Allison's Book Bag

Posts Tagged ‘Alyssa Crowne

Sometimes finding a book that a student has recommended can be an adventure. For example, I recently searched the library of the school where I teach for a Perfectly Princess book. Did you know there are six books, each has a different color and is about a different character?

Unless a student recommends a specific title in a series, I prefer to read the first book in the set. The first in the Perfectly Princess series by Alyssa Crowne was checked out, which seemed too bad because it was about school. I opted for the second. Turns out it was the right choice. When I informed my student that I had borrowed a Perfectly Princess book, she eagerly asked, “Did you get the purple one?”

Purple Princess Wins The Prize has an adorable appearance. All its pages are purple. Its cover is decorated with white stars. The illustrations are simple line drawings. One is easily drawn to this cute and colorful series.

What about the content? Purple Princess Wins The Prize has a predictable plot: the main character Isobal has a problem and faces a few obstacles in trying to resolve the problem. Isobal’s dilemma is that her twin brothers both have tons of trophies, while she has none. In reading a book about a princess who goes on a journey, Isabal is inspired to go on her own to win a prize. She tries to win a cupcake contest and later a fifty-meter dash. With this type of book, it should not spoil the ending if I tell you that eventually Isabel wins her prize and everyone is happy for her.

The book also has flat characters: Isobal is a pleasant girl with strong morals. These morals create a dilemma for her when her dad buys her purple sneakers for her race. The sneakers were the last in the store and so Isobal isn’t about to hurt her dad’s feelings by telling him they don’t fit. At the same time, she feels bad to lie to him. Her parents and best friend support her. Although normally her best friend is not allowed to eat sweets, her parents make an exception so that she can buy a cupcake from Isobal to eat. Everyone is refreshingly but also perhaps unrealistically good. As for Isobal’s siblings and rival classmate, they taunt her but also don’t turn out to really mean.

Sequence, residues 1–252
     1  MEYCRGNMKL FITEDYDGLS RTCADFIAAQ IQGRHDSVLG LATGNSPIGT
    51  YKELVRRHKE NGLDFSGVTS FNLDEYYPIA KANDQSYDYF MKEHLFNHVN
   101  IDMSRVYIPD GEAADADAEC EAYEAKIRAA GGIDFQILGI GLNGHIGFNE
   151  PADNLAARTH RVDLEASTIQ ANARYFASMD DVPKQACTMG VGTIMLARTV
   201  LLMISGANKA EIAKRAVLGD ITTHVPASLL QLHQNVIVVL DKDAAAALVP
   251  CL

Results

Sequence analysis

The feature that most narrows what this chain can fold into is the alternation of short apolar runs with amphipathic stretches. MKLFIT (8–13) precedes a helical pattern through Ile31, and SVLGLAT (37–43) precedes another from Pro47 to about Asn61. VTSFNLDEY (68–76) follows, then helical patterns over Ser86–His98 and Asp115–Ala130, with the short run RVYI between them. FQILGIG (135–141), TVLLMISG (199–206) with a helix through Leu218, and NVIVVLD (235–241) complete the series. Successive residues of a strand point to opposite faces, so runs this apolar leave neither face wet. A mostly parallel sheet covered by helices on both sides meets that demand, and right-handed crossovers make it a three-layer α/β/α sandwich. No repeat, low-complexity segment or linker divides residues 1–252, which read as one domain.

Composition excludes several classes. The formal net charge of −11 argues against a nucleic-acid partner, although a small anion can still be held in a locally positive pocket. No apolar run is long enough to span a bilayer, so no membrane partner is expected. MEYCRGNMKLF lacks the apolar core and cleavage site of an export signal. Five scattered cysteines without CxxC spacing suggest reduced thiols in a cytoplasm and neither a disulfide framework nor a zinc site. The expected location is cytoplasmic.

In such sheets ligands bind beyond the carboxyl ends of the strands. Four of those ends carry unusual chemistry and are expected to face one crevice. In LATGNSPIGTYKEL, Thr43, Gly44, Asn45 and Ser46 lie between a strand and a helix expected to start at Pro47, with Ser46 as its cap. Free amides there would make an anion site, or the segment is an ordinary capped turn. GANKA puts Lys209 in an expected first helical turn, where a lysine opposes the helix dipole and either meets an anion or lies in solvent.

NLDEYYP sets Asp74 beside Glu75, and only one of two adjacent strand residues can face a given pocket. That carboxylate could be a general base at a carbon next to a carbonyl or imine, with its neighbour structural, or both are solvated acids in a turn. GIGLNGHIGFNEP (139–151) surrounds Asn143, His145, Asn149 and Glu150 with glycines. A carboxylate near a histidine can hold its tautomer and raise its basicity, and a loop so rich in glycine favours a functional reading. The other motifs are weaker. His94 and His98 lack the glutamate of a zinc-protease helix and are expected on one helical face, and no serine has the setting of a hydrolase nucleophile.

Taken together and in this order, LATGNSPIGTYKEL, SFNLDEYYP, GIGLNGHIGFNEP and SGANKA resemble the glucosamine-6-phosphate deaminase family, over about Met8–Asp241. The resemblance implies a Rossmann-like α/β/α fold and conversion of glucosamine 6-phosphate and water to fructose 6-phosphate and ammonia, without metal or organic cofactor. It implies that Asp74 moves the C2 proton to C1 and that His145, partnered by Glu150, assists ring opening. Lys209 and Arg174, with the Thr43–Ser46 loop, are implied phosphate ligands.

Ironically, even in grade school, students are taught that varying one’s sentence length and using ‘wow’ words make for the most interesting writing, while authors for the younger age groups are encouraged to keep one’s sentences all about the same length and to stick to a vocabulary list suitable for their intended age group. Emergent readers might very well prefer and even need this style, but it can also result in rather bland writing such as found in Purple Princess Wins The Prize.

As a reviewer, I owe it to my audience to finish books I critique. Funny thing about sticking to a book is that one can discover merits to it. Isobal is a character I could easily like and so I rooted for her even though I knew she would a prize. Because I didn’t know how she would win, I also had an interest in the plot’s direction. Purple Princess Wins The Prize is also a safe and positive read, something that can not always be said for today’s books for young people. Besides modeling strong moral values, the book encourages reading and writing without disparaging sports. It also presents positive messages about never giving up and working hard for what one wants.

Although I suspect its intended audience will soon outgrow the Perfectly Princess series due to its simplicity, the books do make for a safe and enjoyable read. I understand why they are popular among elementary-grade students.

My rating? Read it: Borrow from your library or a friend. It’s worth your time.

How would you rate this book?


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